A woman who attacked, abused and plagued hospital staff on as many as 30 occasions has been barred from Bradford Royal Infirmary for five years.

Rukhsana Rahman kicked a hospital doctor and waved a kitchen knife at an ambulance crew among a catalogue of incidents, Bradford Crown Court was told. On one occasion she even told hospital staff she had an atom bomb up her skirt.

Jailing Rahman, 29, for 13 months, Judge Roger Scott branded her “a terrible nuisance” to the hospital and warned that those who assault NHS workers would be locked up. He also issued an Anti-social Behaviour Order against her which bans her from the hospital and its grounds for five years unless she arrives in an ambulance or a police vehicle. Rahman, of Turner Place, Great Horton, Bradford, kicked a doctor in the hospital’s accident and emergency department on October 27 last year.

Prosecutor Paul Nicholson told the court that when interviewed by police she had said she offered the doctor sex and he was “up for that”.

On bail for that offence, Rahman kicked a woman on the New Pudsey to Leeds train on April 8. She was led through Leeds Railway Station in handcuffs in the rush hour, shouting and swearing.

Again bailed, Rahman called an ambulance from a telephone box at 9pm on May 9. She said she was a 13-year-old girl who had taken an overdose.

When paramedics arrived at Horton Grange Road, Rahman was wielding an 8in kitchen knife, Mr Nicholson said.

She waved the weapon at passing drivers and banged it on the ambulance window while shouting abuse at the crew.

Arrested at the scene, she told police: “It is a murder weapon”.

Rahman pleaded guilty to assault and possessing an offensive weapon.

She had previous court convictions for assaulting police, battery and disorderly behaviour.

A psychiatrist has concluded she is not seriously mentally ill.

Sentencing her, Judge Scott told Rahman if she breached the ASBO she could expect to be locked up for years rather than weeks.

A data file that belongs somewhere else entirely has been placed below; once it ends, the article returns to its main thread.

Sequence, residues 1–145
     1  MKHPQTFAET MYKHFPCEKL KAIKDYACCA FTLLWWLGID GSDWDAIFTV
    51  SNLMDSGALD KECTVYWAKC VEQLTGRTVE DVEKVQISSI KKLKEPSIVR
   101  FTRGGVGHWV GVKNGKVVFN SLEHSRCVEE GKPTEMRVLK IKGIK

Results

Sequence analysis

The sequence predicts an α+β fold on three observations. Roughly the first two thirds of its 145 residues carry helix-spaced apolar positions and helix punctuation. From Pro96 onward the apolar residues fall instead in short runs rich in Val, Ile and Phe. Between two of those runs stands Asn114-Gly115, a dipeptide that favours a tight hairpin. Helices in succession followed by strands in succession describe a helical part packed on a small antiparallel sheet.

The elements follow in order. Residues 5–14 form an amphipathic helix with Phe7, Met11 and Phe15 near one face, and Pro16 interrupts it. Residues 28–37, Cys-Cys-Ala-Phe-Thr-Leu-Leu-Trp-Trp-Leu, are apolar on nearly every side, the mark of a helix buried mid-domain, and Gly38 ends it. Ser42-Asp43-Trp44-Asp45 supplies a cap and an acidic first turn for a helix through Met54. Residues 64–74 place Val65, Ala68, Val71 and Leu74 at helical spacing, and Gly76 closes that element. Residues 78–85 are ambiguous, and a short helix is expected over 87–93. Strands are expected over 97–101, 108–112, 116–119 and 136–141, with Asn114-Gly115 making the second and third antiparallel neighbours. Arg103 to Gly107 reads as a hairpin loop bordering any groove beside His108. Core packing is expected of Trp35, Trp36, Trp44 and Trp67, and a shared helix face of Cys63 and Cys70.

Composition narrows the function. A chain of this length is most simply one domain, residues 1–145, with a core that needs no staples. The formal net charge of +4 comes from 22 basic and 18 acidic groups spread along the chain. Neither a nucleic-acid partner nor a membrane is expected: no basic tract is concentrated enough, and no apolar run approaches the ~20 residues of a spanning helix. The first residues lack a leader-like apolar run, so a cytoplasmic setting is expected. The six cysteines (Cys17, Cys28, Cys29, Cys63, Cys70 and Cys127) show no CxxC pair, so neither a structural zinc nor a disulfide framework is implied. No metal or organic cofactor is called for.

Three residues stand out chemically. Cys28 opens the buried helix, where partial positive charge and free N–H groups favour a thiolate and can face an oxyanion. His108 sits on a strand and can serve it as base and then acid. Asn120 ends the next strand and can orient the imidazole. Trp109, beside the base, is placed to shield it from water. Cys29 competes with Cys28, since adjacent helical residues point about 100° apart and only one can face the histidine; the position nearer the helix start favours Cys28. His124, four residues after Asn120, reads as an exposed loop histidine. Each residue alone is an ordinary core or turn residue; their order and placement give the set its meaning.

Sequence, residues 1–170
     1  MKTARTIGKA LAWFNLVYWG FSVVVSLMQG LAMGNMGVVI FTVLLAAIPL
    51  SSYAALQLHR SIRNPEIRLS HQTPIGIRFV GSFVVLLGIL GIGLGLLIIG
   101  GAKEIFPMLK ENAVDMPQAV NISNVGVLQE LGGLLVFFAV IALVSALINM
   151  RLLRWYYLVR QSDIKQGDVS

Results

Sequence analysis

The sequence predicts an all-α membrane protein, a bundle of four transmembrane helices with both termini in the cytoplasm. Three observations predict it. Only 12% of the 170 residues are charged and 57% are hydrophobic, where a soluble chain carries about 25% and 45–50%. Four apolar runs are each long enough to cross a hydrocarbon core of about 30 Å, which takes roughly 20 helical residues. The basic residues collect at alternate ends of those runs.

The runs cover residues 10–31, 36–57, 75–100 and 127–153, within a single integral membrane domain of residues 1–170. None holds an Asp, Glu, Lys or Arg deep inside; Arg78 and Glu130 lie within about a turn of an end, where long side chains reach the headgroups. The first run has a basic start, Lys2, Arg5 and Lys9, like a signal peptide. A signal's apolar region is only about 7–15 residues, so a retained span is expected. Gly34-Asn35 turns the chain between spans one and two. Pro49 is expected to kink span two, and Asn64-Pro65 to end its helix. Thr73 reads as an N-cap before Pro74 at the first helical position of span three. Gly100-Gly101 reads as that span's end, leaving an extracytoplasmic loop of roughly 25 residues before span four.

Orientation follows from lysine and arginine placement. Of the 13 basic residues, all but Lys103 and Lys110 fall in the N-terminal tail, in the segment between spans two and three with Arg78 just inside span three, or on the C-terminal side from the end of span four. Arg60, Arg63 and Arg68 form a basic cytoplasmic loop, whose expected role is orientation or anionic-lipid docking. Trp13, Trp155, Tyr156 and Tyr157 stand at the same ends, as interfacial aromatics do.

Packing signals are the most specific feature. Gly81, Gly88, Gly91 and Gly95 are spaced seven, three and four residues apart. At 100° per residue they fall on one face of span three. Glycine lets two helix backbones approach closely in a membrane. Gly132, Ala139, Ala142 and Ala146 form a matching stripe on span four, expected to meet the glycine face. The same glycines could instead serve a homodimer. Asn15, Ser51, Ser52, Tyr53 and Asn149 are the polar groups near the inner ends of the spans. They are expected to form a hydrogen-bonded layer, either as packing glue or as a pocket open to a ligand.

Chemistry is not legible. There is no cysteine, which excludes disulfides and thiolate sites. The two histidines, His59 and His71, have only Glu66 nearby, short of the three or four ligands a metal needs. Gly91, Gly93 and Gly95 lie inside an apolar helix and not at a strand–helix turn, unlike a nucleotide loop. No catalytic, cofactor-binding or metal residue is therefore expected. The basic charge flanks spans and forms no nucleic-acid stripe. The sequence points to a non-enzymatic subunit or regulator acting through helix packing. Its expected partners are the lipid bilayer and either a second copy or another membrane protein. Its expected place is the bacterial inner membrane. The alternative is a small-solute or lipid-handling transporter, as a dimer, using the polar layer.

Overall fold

“Wherever you go, you are disruptive and aggressive and you assault people,” Judge Scott said.

“Bradford Royal Infirmary needs protecting from you, all its staff and all its patients, now and in the future.”

In mitigation Rahman’s barrister, Giles Bridge, said she had spent 71 days in custody and had found the experience very difficult.

After the case, PC Sam Buckley, of the Anti-social Behaviour Team, said: “We will not tolerate anti-social behaviour in a hospital or towards members of the NHS, or the public.

“We worked in partnership with staff at the Bradford Royal Infirmary to obtain this five year Anti-social Behaviour Order (ASBO).”

A spokesman for Bradford Teaching Hospitals NHS Foundation Trust, which runs Bradford Royal Infirmary and St Luke’s Hospital said: “Bradford Teaching Hospitals NHS Foundation Trust takes all cases of anti-social behaviour very seriously and this case highlights our zero-tolerance policy against violence and aggression towards staff.

“We are very pleased with the outcome of this case and hope that it will act as a deterrent in the future.”

Four years ago the Telegraph & Argus, backed by Bradford Hospitals Trust and Airedale NHS Trust, which runs Airedale General Hospital at Steeton, ran a campaign called End the Abuse to highlight the scale of the problem of attacks on medical staff.